There is also some historical irony to VOA’s, as well as RFE/RL’s, lack of news curiosity on this story, because during the Cold War VOA and RFE/RL would have certainly covered at length, and did cover, any kind of major international awards connected with Soviet or East European artists and dissidents. One can think of Boris Pasternak, Alexander Solzhenitsyn or Lech Walesa. This is not to compare Snowden to any of these figures. For one thing, they did not flee their countries and were willing to pay the price for expressing their views with imprisonment and/or lack of freedom to publish. But one cannot deny that there are some similarities in these stories.
Whether one as an American enthusiastically approves what Snowden did or strongly condemns it, this was definitely a significant U.S. news story with international appeal that deserved more than just two sentences from the Voice of America in this VOA report, “‘Birdman’ Takes Most Oscars | VOA,” which was posted on Sunday, February 23, last updated Monday at 12:52AM ET.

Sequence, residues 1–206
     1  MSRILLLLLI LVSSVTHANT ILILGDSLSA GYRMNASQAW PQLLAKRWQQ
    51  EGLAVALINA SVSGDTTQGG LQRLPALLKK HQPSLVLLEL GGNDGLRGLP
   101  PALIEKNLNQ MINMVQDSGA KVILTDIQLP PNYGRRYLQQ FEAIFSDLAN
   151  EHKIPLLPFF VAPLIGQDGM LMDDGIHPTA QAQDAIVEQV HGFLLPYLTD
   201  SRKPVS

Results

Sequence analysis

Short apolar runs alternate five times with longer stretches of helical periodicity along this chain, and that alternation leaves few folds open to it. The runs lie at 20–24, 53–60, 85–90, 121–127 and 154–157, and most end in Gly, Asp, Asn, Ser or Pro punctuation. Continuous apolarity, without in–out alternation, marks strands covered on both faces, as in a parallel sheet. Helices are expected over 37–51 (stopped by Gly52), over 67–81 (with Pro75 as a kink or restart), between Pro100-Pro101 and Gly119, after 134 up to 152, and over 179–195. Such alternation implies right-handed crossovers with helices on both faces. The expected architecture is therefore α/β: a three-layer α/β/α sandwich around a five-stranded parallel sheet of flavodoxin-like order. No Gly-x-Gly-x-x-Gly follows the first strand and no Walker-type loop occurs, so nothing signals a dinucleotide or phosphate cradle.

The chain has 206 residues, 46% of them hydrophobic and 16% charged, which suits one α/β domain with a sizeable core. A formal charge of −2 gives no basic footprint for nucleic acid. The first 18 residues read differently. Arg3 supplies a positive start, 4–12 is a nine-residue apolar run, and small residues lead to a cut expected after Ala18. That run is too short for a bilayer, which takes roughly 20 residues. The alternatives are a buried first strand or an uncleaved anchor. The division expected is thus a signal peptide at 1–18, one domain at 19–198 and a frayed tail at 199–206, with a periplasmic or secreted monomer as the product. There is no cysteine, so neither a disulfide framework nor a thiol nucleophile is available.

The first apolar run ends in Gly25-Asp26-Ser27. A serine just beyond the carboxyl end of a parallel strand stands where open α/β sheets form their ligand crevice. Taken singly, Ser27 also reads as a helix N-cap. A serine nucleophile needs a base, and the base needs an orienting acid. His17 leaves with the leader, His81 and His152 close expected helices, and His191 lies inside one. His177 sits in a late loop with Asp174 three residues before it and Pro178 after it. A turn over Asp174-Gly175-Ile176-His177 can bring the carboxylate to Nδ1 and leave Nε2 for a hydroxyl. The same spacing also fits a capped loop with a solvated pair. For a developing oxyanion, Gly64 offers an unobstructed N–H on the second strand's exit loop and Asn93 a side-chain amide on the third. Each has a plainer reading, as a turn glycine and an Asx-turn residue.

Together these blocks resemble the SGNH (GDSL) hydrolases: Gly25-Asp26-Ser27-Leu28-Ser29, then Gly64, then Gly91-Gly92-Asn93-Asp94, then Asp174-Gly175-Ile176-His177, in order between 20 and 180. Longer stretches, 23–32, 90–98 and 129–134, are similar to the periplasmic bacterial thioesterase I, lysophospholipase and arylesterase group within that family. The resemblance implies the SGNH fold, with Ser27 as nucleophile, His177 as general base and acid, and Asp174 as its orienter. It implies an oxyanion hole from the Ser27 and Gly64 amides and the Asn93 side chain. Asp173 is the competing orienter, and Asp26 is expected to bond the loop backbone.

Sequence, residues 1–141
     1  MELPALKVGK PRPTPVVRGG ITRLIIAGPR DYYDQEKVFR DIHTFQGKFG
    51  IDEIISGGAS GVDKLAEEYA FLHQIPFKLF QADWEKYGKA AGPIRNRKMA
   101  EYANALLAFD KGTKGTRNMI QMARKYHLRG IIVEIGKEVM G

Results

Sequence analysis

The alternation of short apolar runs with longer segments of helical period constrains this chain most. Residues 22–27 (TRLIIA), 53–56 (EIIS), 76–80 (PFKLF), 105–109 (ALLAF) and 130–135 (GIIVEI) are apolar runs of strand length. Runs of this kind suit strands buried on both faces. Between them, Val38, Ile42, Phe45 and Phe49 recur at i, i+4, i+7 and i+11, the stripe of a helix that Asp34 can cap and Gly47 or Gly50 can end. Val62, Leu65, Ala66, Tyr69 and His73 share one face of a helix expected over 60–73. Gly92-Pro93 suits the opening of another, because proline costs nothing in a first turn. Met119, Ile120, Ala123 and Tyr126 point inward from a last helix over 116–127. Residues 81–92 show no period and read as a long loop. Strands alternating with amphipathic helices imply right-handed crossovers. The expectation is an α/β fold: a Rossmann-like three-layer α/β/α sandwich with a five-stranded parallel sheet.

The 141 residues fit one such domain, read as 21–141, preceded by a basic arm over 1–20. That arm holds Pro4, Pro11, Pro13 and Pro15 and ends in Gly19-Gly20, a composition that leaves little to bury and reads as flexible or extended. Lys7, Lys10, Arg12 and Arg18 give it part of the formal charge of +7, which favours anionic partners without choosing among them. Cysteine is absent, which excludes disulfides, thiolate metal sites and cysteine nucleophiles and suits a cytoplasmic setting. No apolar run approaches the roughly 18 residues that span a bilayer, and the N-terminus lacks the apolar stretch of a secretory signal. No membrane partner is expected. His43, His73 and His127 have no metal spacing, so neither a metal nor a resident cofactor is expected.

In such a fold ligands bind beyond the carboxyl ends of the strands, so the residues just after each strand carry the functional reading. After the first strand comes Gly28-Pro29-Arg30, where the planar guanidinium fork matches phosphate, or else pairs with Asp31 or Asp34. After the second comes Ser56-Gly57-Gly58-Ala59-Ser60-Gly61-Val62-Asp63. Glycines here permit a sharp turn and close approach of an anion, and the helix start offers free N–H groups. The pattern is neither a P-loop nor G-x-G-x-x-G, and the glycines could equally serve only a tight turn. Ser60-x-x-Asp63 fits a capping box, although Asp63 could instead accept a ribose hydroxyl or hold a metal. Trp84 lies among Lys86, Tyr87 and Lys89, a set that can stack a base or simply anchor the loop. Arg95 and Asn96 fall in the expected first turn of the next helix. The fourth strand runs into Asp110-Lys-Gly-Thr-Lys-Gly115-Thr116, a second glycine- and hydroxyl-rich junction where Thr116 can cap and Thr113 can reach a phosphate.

UPDATE: VOA issued a second report, “Oscar Speeches Get Political | VOA,” on Monday at 5:14 PM ET, nearly 24 fours after the Oscars ceremony. That VOA report, which is not focused on Snowden, devotes five short sentences to “CitizenFour.” There was no separate VOA report on the Oscar for the documentary about Snowden and any political controversy about it in the U.S.
Altogether, VOA English news website had 136 words on the Snowden Oscar in two reports that were not specifically about Snowden, but about the Oscars in general. The first VOA report had 42 words about Snowden. The second VOA report posted late afternoon on Monday had 94 words about Snowden.
DW and BBC
Germany’s Deutsche Welle did not do a separate report on the Oscar for the Snowden documentary and did not report extensively on the Oscars ceremony, but the DW report still devoted 109 words to the Snowden film Oscar, more than VOA did in any single report, even though the Oscars are an American event, Snowden is an American, and his actions have to do largely with the U.S. government’s surveillance policies.
03:51 BEST DOCUMENTARY – Laura Poitras’ Edward Snowden film “Citizenfour” wins for best documentary. The film depicts Poitras’ first meeting with Snowden and journalist Glenn Greenwald. Due to the sensitive nature of the material, Poitras filmed the feature under intense secrecy and edited it in Germany.
Greenwald stood beside Poitras during her acceptance speech.